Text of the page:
Dec. 5 (Bloomberg) -- Nouriel Roubini, co-founder of Roubini Global Economics LLC, said the fiscal compact will deepen the euro area recession next year, even as countries such Germany and Austria will be obliged to cut deficits.
“Next year we are also going to have austerity in the core of the euro area because the newly agreed fiscal compact says that even Germany, Netherlands, Belgium, Finland and Austria have to cut their deficits,” Roubini told reporters at a conference today in Berlin organized by IG Metall, Germany’s biggest trade union. “With austerity in the U.S and in Japan, the risk is that this is going to push the global economy in another downturn.”
The recession in the 17-nation euro bloc isn’t going to bottom out this year and will continue “for at least another year” Roubini said in a speech at the conference. Further impairing the recovery in the euro area’s peripheral countries is the European Central Bank’s inability to weaken the currency, making Germany at the same time “ueber-competitive,” Roubini said.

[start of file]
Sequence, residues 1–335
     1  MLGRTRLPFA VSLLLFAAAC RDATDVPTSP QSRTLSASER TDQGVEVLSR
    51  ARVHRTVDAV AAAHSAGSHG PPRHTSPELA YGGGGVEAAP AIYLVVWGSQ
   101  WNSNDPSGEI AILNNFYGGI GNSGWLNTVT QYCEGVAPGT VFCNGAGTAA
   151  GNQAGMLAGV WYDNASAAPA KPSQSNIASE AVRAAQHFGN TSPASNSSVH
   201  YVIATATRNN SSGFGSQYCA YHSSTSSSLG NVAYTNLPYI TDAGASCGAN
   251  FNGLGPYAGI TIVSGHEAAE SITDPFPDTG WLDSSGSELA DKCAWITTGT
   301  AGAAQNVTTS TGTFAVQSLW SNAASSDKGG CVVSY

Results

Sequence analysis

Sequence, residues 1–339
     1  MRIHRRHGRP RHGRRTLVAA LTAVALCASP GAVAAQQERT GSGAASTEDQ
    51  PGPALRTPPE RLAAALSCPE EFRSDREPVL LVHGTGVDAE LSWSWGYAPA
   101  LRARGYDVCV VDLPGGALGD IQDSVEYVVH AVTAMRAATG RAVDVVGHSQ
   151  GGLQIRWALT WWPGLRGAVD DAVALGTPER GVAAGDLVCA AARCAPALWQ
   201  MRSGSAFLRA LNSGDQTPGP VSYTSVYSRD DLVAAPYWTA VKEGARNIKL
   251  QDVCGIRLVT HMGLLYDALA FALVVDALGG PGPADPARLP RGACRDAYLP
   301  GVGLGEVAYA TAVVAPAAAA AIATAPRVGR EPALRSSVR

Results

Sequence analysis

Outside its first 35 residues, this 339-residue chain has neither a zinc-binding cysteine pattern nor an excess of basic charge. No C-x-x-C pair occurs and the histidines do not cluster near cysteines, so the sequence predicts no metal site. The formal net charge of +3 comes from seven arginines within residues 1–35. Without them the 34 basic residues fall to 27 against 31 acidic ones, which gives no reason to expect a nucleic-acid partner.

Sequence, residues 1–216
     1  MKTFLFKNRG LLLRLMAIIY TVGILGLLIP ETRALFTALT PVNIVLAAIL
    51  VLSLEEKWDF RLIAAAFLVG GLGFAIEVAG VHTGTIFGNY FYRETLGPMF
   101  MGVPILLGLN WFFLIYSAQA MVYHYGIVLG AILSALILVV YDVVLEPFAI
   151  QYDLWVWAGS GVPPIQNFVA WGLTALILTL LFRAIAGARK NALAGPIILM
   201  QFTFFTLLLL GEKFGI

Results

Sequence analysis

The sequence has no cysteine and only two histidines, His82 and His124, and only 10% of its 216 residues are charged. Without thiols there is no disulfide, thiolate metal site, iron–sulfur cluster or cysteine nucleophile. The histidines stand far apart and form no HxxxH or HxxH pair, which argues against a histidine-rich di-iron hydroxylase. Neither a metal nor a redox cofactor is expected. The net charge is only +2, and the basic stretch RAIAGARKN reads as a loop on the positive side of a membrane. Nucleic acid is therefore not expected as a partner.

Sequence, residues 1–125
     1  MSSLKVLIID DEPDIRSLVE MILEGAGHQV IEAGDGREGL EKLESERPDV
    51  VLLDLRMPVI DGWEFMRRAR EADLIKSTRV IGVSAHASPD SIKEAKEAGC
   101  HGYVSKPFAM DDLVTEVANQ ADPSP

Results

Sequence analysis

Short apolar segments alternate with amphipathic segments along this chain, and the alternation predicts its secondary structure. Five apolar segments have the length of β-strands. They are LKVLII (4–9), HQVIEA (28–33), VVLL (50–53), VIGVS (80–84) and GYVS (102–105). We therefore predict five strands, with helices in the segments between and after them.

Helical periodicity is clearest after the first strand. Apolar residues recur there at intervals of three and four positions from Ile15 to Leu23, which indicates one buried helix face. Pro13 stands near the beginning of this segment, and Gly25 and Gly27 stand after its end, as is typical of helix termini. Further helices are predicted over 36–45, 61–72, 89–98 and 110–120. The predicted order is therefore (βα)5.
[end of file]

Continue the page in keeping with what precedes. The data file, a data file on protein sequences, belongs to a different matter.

Referring to France, Roubini said economic data suggests the country will enter into a recession next year, while Germany’s economy will slow down with falling demand from euro-area partners and export growth slowing to Asia.
Even though the risk of a euro area break-up has decreased since the ECB announcement of an unlimited bond-buying program, Roubini said European leaders need to make job creation and growth a priority.
“People know that they have to make sacrifices, but after four to five years of recession you need to see light at the end of the tunnel,” Roubini said in the speech. “If there is no economic growth, eventually the social backlash against austerity is going to become too big.”
To contact the reporter on this story: Joseph de Weck in Berlin at email@example.com
To contact the editor responsible for this story: James Hertling at firstname.lastname@example.org